Another interesting aspect of our quartz study was the knowledge that our local gold mines were commonly quartz gold mines. The gold was extracted using a series of stamp mills, mixed with water, and then extracted using mercury. I have seen the stamp mill replica in our town and was told that when it was in operation the noise echoed all over the town. I can only imagine how that would have sounded!

If you are interested in studying more about quartz using the Handbook of Nature Study, don’t miss this challenge from the archives: Quartz Study

To refresh your memory, I am going to try to collect all fifteen rocks discussed in the Rocks, Fossils and Arrowheads (Take-Along Guides).This month we spent lots of time out and about looking at rocks, collecting a few new ones, and enjoying our rock adventures. We did not actually complete any of the fifteen rocks from the book. I can see now that I need to be more purposeful if I am going to achieve this goal in the year 2013.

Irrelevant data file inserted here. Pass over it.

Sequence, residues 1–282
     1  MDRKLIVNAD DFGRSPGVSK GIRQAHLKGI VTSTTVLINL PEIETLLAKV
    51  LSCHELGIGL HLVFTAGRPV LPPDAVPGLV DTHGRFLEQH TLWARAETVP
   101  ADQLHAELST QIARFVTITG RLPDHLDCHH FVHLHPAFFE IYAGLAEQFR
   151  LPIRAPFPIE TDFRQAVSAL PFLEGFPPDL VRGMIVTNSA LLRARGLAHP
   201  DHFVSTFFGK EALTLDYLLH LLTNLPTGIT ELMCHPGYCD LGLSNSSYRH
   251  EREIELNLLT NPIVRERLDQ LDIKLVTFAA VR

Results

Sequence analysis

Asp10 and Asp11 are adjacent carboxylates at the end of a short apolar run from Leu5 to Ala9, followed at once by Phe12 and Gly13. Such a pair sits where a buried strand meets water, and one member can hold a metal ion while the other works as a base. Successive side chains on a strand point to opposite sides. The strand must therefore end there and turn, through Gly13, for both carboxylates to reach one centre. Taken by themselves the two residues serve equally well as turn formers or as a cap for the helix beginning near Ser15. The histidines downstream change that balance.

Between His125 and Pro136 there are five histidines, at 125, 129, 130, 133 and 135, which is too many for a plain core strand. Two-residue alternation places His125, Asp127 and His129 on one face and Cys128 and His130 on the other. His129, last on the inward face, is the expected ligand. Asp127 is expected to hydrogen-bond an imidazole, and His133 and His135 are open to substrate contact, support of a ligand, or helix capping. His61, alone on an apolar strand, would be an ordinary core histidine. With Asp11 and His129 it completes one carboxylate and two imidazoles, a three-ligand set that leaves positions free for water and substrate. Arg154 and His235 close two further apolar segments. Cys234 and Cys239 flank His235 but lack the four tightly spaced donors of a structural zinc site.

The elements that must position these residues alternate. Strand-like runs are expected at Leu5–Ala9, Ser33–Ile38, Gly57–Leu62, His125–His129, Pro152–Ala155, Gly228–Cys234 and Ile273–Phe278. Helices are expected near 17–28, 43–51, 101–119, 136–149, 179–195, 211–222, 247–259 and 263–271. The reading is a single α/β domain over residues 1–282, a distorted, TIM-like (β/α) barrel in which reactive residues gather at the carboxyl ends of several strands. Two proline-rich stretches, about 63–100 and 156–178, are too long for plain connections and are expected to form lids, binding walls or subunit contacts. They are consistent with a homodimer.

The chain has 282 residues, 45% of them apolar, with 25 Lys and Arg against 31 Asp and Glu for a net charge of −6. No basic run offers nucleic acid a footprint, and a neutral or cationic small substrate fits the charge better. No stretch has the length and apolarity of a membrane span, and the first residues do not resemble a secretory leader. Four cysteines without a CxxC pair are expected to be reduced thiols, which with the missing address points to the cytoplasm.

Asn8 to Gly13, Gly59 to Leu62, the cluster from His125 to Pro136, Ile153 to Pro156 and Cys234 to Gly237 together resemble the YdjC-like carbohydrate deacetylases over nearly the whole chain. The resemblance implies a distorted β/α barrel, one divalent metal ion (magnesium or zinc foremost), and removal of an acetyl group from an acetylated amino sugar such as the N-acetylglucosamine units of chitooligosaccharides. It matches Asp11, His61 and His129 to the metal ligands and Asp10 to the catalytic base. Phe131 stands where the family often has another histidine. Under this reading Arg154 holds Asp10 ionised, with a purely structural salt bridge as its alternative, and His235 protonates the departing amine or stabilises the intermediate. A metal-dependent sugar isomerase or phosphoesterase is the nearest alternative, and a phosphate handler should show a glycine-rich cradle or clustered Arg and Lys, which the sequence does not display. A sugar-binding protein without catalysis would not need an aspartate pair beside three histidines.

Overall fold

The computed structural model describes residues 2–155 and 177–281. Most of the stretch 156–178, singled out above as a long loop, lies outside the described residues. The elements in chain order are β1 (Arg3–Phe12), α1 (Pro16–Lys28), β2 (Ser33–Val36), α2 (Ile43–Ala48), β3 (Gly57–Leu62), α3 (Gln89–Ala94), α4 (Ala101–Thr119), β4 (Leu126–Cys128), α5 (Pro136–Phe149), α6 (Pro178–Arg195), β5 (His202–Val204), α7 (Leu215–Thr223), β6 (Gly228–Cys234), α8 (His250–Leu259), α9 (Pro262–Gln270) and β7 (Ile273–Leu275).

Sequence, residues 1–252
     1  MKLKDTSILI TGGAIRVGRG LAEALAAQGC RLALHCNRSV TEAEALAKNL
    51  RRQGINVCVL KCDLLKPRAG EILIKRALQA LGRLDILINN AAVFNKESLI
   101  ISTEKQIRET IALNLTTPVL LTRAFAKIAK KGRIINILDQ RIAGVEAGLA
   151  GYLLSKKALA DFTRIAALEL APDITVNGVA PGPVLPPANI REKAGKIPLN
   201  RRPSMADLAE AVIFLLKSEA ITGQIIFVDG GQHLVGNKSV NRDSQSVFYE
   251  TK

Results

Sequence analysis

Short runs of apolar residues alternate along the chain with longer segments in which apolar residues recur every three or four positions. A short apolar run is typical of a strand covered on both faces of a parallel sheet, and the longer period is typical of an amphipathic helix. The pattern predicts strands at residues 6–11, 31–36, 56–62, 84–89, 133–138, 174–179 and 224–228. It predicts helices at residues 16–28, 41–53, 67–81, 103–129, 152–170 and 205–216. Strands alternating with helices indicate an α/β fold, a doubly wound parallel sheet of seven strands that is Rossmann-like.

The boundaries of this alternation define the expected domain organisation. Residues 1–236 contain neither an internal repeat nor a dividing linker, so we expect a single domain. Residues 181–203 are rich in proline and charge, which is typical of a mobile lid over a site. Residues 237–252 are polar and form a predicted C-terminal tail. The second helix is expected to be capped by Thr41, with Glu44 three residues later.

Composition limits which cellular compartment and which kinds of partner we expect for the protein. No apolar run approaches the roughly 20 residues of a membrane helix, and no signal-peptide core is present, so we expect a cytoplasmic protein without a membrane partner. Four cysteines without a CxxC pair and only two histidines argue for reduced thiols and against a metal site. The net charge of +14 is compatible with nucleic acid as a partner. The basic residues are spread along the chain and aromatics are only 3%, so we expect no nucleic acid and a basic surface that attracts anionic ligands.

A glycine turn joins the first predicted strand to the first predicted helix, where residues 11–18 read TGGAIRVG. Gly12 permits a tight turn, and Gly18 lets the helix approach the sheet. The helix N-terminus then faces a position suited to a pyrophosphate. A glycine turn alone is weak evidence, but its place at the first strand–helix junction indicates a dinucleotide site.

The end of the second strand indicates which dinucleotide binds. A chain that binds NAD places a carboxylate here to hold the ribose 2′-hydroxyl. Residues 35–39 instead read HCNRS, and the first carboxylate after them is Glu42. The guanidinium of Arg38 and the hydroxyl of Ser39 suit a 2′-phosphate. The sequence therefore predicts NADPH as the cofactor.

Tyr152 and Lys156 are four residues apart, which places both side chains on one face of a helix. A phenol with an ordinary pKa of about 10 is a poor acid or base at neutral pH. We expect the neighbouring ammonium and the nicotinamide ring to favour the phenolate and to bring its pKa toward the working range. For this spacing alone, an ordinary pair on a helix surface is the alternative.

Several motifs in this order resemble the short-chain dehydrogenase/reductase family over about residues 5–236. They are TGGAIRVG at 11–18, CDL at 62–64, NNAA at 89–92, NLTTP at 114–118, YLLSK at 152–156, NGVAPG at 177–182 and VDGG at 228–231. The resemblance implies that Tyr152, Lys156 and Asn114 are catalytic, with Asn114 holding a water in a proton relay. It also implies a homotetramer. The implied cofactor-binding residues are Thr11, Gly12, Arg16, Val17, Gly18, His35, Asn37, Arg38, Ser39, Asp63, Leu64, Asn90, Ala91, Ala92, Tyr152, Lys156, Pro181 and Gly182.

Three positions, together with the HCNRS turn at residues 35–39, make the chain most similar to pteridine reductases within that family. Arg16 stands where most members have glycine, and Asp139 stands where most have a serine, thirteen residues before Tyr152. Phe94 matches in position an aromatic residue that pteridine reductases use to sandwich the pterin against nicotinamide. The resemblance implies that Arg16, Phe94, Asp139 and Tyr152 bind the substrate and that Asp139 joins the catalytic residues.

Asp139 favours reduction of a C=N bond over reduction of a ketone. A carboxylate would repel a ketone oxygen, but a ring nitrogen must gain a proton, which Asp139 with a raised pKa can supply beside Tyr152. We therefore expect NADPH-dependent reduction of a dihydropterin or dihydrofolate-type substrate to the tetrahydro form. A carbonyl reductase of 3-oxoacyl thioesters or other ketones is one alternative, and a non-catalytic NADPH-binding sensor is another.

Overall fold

The affiliate links in this post are to things I own and highly recommend.

 

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Conglomerate Rock Nature Study – Rock Update #4

We were able to find some awesome specimens of conglomerate rock during our trip to Oregon. Actually, my son found the one in the button above and my husband found the one below. I told them what I was looking for and I was shocked they found two so very different from each other.


This is our fourth official rock from the list which we pulled from the book Rocks, Fossils and Arrowheads (Take-Along Guides). (Affiliate Link)

Conglomerate rock is a sedimentary rock that contains large rounded particles. The rock particles are stuck together with sand that filled in the spaces. There can be many different colors of conglomerate rock depending on the color of the gravel and sand where the rock was formed. Colorful conglomerates may be called “puddingstones”.